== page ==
Tuesday, January 31, 2012

It's not astrology, it's The Monkees

Believe it or not, there are a lot of great Monkees albums out there. The group didn't just do great singles.

Ignore the foolish controversy of being a fabricated group. Especially in this modern age, far worse corporate musical atrocities have taken the spotlight. Focus instead on the great music, and accept The Monkees as the musical powerhouses that they were.

"Pisces, Aquarius, Capricorn & Jones Ltd." is the fourth album released by the group, and it is a close second in terms of being my favorite Monkees album ("Headquarters" claims the top spot for me). The quality of the songs, the experimentation and the camaraderie of the group are all at their peaks with this release.

Monday, January 30, 2012

On the road with Harry Chapin

Harry Chapin has many albums that could stand as his "defining album," including "Sniper and other Love Songs" (featuring "Sniper," "Circle" and "Better Place to Be") and "Verities and Balderdash" (with "Cat's in the Cradle," "I Wanna Learn a Love Song" and "30,000 Pounds of Bananas").

But, for me, "On the Road to Kingdom Come" from 1976 is his best release.

Thursday, January 26, 2012

Not just a sad "Echo" after all

Tom Petty and the Heartbreakers had a pretty good decade in the 1990s. In 1991, the group released "Into the Great Wide Open." If you've never heard the album, it's like "Full Moon Fever, Vol. 2." Just about every song on the album sounds like it could have / should have been a radio hit (and a couple of them surely were).

Then you had the first "Greatest Hits," which featured "Mary Jane's Last Dance." Anyone who was conscious in the mid 1990s knows this song (and probably loves it). And for the Kim Basinger haters, well, the video featured her as a corpse. Win-win, right?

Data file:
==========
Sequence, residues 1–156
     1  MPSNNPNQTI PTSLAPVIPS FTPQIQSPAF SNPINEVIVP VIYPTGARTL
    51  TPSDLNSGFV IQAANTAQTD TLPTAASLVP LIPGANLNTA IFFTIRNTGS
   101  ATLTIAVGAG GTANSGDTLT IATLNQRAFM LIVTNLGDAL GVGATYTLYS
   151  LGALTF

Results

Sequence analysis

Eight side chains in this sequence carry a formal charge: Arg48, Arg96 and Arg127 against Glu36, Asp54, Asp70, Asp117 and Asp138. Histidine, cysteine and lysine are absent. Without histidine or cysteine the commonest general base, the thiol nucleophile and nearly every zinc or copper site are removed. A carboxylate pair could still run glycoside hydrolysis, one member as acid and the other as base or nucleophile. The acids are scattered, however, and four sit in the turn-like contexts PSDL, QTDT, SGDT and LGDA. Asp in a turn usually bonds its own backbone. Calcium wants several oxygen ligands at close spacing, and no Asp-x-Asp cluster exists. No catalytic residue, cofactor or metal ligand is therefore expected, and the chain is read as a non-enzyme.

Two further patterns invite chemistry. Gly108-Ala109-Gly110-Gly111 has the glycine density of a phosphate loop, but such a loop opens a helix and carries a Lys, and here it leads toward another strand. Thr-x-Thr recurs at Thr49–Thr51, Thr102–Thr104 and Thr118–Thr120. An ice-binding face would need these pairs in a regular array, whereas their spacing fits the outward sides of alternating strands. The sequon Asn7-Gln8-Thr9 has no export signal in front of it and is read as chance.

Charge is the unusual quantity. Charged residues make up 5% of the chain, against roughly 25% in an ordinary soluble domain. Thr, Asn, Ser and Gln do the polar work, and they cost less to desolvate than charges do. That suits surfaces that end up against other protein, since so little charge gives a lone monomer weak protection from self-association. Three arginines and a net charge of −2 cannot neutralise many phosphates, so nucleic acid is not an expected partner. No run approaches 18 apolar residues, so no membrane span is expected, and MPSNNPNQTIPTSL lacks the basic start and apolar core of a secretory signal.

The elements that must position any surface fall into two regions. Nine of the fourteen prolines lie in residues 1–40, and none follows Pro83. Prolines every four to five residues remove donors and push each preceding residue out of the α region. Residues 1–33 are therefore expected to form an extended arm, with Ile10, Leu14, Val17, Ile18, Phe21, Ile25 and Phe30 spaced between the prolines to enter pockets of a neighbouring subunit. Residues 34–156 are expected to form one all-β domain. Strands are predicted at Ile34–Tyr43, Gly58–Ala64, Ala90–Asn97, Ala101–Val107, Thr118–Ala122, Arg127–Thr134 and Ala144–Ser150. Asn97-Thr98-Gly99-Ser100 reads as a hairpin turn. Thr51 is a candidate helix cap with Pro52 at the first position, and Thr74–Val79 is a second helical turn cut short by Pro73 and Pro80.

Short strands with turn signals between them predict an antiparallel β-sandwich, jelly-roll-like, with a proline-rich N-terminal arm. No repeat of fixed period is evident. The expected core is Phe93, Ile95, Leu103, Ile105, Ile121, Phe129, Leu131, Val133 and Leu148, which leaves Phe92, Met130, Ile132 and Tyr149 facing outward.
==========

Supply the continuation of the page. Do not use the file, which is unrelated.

Then came Tom Petty's second "solo" album "Wildflowers" (the first being "Full Moon Fever," and the "solo" distinction reflecting that ... one again ... many of the Heartbreakers were actually involved). "Wildflowers" is my favorite of all the Petty-related albums released through 2011, so I don't need to speak further on my opinions of its qualities.

And THEN you have the great soundtrack to the movie "She's the One." I'm not a big fan of the film itself, but the album is an enormous success. Everything about the variety of the music screams to the immense strengths of the band. And it had one of their last great frilly psychedelic hits: "Walls (Circus)."

And finally ... you hit "Echo." Released in 1999, it's something of a curiosity.

Wednesday, January 25, 2012

Lover of life, singer of songs ... a hell of a talent

Will there ever be such a consummate performer and powerful singer as Freddie Mercury ever again? I hope so, but with quality such as this ... it is hard to imagine.

Being best known for his remarkable work with Queen, Mercury is no less a talent on his solo work. He didn't produce many solo albums ("Mr. Bad Guy" and "Barcelona" were the only legit records he put out in his lifetime), but his personality and style are stamped upon each song he recorded and released.

Tuesday, January 24, 2012

"Love You?" Love you, too!

Whereas "Pet Sounds" is perhaps the Beach Boys' most powerful record, "Sunflower" their most united effort and the "SMiLE" sessions their most creative period (or, at least, Brian Wilson's most creative period), "Love You" may be their most real ... if slightly goofy ... release.

Monday, January 23, 2012

Death to False Metal? Sounds good to me

Mixed-bag releases are notoriously rough in quality. Taking the odds and ends that didn't make official releases often opens up listeners to material that supports the initial decision not to release it.

Surprisingly enough, that isn't the case with Weezer.

Interpol turned on my lights